JAMESTOWN, ND. — Leaders from ADM and Marathon Petroleum Corp. (MPC), along with local, state and federal policymakers, on June 2 celebrated the groundbreaking for North Dakota’s first dedicated soybean processing facility. By harvest 2023, the plant — owned by the previously announced ADM-MPC joint venture Green Bison Soy Processing — is expected to be producing approximately 600 million lbs of refined vegetable oil annually, which will be supplied exclusively to MPC as a feedstock for renewable diesel.
“The need for lower-carbon, more sustainable products are one of the fundamental trends underlying ADM’s strategy and purpose, and we’re proud to continue to scale up our leadership in this critical area,” said Ken Campbell, ADM’s president of North America Oils, Biodiesel and Renewable Chemicals. “Renewable diesel is a potentially transformative opportunity for the oilseed industry, for farmers, and for the sustainability of our transportation system. We’re excited to celebrate our bright future, and we look forward to working with MPC and producers across North Dakota as we bring this state-of-the-art plant online in less than a year and a half.”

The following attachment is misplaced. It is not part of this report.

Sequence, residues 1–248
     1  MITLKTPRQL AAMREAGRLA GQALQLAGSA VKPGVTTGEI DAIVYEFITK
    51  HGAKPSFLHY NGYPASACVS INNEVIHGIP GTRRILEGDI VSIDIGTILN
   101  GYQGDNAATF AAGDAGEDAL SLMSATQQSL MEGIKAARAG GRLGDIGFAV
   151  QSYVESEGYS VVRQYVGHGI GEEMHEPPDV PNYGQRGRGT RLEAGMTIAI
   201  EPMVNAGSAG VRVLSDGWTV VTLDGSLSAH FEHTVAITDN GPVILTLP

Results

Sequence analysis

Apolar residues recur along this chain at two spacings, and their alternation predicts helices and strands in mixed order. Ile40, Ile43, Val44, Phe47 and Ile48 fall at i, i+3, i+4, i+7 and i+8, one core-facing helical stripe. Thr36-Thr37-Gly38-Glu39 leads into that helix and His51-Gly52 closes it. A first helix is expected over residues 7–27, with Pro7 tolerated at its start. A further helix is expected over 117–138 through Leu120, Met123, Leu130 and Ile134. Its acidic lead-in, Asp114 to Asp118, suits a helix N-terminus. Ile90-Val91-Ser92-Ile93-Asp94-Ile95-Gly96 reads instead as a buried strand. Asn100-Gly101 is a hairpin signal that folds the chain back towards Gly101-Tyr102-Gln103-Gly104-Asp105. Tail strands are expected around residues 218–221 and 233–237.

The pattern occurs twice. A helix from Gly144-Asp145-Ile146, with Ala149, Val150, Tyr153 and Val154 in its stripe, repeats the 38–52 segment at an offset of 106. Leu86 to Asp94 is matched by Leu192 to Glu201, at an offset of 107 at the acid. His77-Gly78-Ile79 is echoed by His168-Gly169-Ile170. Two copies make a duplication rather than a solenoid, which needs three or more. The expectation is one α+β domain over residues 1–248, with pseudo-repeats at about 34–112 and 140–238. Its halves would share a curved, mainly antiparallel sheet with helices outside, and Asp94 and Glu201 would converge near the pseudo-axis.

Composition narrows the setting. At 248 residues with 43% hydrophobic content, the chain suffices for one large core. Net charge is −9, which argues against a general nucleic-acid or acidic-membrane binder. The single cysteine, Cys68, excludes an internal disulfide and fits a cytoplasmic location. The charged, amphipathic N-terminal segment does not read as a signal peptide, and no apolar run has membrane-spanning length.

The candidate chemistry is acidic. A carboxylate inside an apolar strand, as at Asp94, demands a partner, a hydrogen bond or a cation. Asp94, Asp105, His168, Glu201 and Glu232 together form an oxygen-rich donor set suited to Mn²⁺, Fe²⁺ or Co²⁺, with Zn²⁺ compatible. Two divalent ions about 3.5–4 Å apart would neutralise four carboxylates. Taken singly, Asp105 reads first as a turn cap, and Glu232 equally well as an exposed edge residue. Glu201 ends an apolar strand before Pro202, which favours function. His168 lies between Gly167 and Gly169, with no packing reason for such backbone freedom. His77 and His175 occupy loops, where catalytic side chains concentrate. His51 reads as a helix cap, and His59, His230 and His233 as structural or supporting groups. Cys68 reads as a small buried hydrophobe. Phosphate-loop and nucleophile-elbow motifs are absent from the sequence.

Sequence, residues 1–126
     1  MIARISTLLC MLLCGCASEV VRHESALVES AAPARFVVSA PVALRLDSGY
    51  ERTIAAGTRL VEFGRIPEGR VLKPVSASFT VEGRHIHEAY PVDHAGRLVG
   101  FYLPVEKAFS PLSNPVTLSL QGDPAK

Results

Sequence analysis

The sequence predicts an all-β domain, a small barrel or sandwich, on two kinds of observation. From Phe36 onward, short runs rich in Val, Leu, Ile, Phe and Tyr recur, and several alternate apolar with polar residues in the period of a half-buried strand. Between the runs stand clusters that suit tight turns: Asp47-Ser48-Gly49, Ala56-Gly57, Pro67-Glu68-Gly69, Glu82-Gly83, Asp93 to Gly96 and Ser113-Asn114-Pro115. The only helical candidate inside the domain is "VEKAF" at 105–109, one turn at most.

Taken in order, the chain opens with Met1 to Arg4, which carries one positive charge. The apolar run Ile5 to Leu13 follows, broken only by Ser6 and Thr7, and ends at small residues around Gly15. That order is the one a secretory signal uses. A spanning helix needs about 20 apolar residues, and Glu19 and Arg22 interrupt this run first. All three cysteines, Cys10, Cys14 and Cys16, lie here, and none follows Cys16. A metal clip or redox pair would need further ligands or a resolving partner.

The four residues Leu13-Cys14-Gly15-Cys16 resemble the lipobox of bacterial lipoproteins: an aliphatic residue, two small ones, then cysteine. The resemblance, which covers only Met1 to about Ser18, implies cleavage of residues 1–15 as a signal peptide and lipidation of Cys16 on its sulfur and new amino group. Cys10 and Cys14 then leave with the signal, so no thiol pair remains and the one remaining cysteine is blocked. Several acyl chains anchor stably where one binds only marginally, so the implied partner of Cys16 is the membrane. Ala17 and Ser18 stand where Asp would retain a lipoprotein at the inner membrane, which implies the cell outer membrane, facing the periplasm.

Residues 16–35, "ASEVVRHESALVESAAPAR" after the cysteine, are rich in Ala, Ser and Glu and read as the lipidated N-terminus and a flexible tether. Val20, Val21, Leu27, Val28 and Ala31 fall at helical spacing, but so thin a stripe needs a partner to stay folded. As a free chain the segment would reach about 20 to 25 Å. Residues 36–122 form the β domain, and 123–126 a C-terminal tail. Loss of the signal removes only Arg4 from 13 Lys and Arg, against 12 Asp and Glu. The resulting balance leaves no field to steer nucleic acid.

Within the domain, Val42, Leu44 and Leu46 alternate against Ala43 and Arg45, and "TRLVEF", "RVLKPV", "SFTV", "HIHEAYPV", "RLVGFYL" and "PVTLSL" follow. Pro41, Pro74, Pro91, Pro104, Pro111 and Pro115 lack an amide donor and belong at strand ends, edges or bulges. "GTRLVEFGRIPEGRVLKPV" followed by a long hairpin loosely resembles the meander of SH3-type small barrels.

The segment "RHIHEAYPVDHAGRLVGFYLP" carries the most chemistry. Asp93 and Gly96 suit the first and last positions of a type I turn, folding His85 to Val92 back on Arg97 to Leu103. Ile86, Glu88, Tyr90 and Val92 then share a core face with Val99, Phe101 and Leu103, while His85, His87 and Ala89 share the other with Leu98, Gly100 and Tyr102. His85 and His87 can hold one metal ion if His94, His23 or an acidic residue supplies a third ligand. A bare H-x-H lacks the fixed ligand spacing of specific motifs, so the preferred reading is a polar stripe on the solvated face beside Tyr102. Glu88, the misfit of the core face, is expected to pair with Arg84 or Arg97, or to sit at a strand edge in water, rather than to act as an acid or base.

Dave Heppner, senior vice president of strategy and business development at MPC, added: “The Green Bison Soy Processing facility represents another step in MPC’s commitment to investing in a sustainable, energy-diverse future. The Green Bison Soy Processing facility will help us further optimize our renewable feedstock sourcing, and we are excited about the opportunity to partner with ADM and the state of North Dakota as we move forward with the development of this facility.”
When complete, the approximately $350 million complex will feature state-of-the-art automation technology and is expected to have the capacity to process 150,000 bus of soybeans per day. Vegetable oil from the plant will be supplied exclusively to MPC to serve as feedstock for the production of a targeted 75 million gallons of renewable diesel annually.The construction of the new complex is supporting hundreds of jobs in the region, and the facility is expected to employ approximately 75 people once operational.